When asked to put up curtains my internal rebuttal was no. Still, I remained curious myself and I felt I needed more information. My wife then divulged that it didn’t have to be till Monday in which I agreed to. Referring back to my two courage building techniques, after I gave her the run-down of the day she was able to infer that video games after mowing is my time to recharge. This was my why. I didn’t have to be explicit since she was able to read between the lines. We’re married and we can do that. Remember, without doing our wants, we can’t Show Up fully to our needs. Second, I never said the word no. Here there was a third option of later.

Two for Work

The next example is in a professional setting. Knowing that the relationship isn’t a marriage, we can’t leave anything to chance and must be more direct.

It’s our responsibility to communicate our wants and needs.

Hey Nick, I sent you an email for some information the executives need. Do you think you could compile and have it by today?
Maybe. I read the email and I need some clarifications. Are we wanting to see it by geographical region or by warehouse?
By region.
Region will take about two hours, I’m not sure I could get it done today. Here’s what on my list for this afternoon: Need A, Need B, Want A. I at least want to keep Want A to keep making progress on that longer-term project but I also think both Need A and B are more time-sensitive. Other departments are relying on one and the other our entire team utilizes heavily in getting their weekly word completed.
I agree. Could we have it by tomorrow at noon?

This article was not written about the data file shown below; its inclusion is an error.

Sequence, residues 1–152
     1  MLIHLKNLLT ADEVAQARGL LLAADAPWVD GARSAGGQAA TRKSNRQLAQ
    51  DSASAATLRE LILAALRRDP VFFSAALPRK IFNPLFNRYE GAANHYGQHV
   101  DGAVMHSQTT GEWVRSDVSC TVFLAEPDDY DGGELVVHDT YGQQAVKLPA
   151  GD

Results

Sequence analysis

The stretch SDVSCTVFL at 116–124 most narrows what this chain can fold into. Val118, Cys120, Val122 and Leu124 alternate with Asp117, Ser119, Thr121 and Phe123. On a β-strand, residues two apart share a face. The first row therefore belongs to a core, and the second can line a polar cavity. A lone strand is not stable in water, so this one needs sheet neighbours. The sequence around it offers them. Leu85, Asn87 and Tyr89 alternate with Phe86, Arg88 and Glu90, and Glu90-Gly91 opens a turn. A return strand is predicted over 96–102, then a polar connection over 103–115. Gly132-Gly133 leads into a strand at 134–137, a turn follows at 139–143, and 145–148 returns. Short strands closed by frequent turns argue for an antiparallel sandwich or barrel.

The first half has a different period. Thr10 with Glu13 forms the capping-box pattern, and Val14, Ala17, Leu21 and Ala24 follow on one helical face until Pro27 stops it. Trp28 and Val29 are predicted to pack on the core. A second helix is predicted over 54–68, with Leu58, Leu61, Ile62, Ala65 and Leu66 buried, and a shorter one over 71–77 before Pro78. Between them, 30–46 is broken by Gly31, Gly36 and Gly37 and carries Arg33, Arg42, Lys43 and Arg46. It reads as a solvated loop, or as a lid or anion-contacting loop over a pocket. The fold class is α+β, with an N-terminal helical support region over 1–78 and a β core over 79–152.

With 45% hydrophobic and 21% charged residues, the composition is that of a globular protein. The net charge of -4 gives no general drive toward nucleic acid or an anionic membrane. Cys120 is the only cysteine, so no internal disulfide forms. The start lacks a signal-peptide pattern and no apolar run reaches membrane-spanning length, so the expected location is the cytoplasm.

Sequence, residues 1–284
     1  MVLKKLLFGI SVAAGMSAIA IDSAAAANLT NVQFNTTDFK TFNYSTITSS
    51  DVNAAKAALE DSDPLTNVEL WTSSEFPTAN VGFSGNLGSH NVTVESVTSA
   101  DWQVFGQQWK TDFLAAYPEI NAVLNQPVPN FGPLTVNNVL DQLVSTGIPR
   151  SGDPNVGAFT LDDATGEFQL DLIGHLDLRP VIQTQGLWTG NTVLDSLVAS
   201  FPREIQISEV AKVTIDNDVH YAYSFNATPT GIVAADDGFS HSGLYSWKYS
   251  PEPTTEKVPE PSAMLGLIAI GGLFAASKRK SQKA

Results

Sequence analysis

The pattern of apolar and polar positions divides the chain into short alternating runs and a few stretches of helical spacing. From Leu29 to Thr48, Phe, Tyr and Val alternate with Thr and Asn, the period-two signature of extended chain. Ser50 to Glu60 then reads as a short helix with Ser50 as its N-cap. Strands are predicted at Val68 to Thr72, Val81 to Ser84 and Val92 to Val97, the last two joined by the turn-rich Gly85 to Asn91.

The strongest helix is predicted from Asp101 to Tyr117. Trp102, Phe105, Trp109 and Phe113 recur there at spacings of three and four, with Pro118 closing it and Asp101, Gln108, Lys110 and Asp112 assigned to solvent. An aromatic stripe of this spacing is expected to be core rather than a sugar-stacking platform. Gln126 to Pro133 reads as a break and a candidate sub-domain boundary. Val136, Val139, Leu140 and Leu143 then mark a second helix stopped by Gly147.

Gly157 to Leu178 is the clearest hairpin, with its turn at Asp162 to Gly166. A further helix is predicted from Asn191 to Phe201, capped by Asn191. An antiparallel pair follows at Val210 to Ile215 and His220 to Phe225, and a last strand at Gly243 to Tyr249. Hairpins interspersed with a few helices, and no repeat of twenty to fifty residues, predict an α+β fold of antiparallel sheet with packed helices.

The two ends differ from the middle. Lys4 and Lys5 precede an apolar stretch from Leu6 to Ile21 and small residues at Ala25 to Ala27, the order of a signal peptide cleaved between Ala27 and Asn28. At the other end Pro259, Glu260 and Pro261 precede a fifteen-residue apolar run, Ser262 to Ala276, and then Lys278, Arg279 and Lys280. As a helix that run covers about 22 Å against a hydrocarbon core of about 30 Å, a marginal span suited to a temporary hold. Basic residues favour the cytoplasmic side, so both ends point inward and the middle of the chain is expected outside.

That would work much better.

To start with, what they could have done better is by asking a gauging question instead of straight to business. What if I wasn’t feeling well that afternoon? What if a family matter had come up? After learning more of where someone stands, they may opt to not even make the request. Since this didn’t happen, I had to insert my wants and needs myself. In the same breath, I stated my why for each along with my preliminary no.

This could have gone a different way. Since I was speaking with my direct manager, I left open the opportunity to shift around the needs if they felt the new request was of higher importance. If so, our conversation would have been longer discussing which of the two needs, or both, would be delayed all while protecting my want. This scratches the surface of cultures where executive’s requests are somehow the most important, drop everything, do it now fire drill but in reality disrupt multiple people and their work and inevitably suck up more time than anything else but I digress.

Three for Us

At this point you might be thinking ‘Hold up, both these situations in the end you ended up agreeing to the request. What about when it comes to saying no altogether? No compromising to be had.’ I will say it was easier to use those actual examples to break down the individual parts and expand on differences between environments. Respectfully saying no doesn’t come with flair and will be our last example.

Hey Nick, did you want to go to brunch with us on Sunday?
Where you going?
*Insert restaurant where the food is not great and the only reason you’d go is for mimosas*